All I was saying was what Jesus was saying, but nicer.

“You hypocrites. Don’t each of y’all charge your Teslas up every Sunday? Don’t you turn on your Keurig? Don’t you order from DoorDash? Don’t each of y’all turn on your big flat screen TVs and computers, and look at the work to be done at your jobs for the next week? Don’t each of y’all, at the very least, work my last nerves with this hypocritical stuff?

So ought not this woman, this child of God, whom systemic oppression has bound for 18 gazillion long years of patriarchy that says her body is worth more broken than healed, shouldn’t she be set free from the bondage on this Sabbath day?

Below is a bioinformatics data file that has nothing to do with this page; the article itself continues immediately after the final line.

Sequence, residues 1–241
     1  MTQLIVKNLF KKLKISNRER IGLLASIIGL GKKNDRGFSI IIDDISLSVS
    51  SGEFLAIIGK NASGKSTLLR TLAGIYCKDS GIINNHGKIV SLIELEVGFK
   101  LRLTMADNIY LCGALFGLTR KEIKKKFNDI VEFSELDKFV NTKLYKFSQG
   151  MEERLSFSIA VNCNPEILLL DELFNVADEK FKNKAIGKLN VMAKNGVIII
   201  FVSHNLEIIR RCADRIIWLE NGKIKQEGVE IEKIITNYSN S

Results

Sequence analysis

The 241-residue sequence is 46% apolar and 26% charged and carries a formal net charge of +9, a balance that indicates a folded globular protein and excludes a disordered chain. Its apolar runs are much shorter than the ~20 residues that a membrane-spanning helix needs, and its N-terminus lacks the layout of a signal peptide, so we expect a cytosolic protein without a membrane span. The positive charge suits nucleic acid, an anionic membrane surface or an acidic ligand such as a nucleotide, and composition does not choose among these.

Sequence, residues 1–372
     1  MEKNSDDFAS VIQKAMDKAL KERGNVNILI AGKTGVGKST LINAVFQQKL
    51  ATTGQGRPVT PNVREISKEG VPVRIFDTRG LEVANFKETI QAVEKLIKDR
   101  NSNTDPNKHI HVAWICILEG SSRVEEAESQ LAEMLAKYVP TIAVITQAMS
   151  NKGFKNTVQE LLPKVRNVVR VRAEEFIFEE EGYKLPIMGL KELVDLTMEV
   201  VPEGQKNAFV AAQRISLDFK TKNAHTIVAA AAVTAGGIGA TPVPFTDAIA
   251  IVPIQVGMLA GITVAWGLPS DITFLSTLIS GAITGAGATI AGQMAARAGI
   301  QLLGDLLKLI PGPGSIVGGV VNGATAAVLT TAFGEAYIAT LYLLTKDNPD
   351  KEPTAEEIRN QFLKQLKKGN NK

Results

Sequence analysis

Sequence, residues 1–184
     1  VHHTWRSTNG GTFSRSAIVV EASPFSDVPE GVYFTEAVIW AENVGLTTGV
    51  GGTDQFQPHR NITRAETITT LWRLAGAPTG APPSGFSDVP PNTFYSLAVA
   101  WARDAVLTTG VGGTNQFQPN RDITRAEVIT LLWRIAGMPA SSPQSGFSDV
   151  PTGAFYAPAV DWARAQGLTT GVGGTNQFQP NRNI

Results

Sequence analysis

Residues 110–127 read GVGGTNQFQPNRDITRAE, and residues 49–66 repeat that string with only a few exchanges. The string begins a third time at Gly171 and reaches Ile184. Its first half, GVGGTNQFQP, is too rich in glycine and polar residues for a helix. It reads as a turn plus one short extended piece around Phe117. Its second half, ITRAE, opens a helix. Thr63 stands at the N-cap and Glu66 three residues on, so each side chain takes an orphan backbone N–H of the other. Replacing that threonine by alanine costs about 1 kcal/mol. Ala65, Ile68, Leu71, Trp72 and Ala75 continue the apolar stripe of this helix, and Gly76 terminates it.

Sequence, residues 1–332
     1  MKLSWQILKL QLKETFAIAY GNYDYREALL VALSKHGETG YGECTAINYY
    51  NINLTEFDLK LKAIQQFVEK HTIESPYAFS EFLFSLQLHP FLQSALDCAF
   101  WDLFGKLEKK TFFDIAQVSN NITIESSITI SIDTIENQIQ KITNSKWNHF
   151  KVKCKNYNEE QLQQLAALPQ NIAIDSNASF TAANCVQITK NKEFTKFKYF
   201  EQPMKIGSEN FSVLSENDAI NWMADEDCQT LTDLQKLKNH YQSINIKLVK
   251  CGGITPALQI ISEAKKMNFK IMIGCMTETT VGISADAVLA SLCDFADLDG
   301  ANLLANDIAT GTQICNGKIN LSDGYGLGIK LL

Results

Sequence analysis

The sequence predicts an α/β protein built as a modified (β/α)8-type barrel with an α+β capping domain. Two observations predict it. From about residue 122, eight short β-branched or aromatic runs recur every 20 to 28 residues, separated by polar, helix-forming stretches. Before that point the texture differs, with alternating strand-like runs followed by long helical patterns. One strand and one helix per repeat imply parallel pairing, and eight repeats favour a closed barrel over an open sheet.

I mean, yes. The bleeding will still be bleeding tomorrow, but the blood loss might mean death if we don’t stop it today. I mean, yes, they still gonna be hungry tomorrow, but the decision somebody makes on an empty stomach to feed themselves might mean death if we don’t feed them today. I mean, yes, you still gonna be an addict tomorrow, but if we don’t offer you a safe injection site today, offer you a clean needle today, offer you a recovery group today, offer you Narcan today because you using today, that might mean we won’t be able to prevent Hep C or AIDS or overdosing today.